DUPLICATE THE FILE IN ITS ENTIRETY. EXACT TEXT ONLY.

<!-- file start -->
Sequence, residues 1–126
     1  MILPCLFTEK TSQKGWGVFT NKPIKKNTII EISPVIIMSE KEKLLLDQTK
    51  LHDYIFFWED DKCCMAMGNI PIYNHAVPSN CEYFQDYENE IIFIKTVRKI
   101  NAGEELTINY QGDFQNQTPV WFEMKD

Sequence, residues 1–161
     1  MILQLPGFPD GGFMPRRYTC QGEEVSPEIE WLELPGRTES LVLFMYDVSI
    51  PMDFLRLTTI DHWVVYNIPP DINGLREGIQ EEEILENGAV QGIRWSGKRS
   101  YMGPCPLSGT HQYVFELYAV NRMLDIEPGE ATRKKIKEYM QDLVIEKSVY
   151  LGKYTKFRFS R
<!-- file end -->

Sequence, residues 1–126
     1  MILPCLFTEK TSQKGWGVFT NKPIKKNTII EISPVIIMSE KEKLLLDQTK
    51  LHDYIFFWED DKCCMAMGNI PIYNHAVPSN CEYFQDYENE IIFIKTVRKI
   101  NAGEELTINY QGDFQNQTPV WFEMKD

Sequence, residues 1–161
     1  MILQLPGFPD GGFMPRRYTC QGEEVSPEIE WLELPGRTES LVLFMYDVSI
    51  PMDFLRLTTI DHWVVYNIPP DINGLREGIQ EEEILENGAV QGIRWSGKRS
   101  YMGPCPLSGT HQYVFELYAV NRMLDIEPGE ATRKKIKEYM QDLVIEKSVY
   151  LGKYTKFRFS R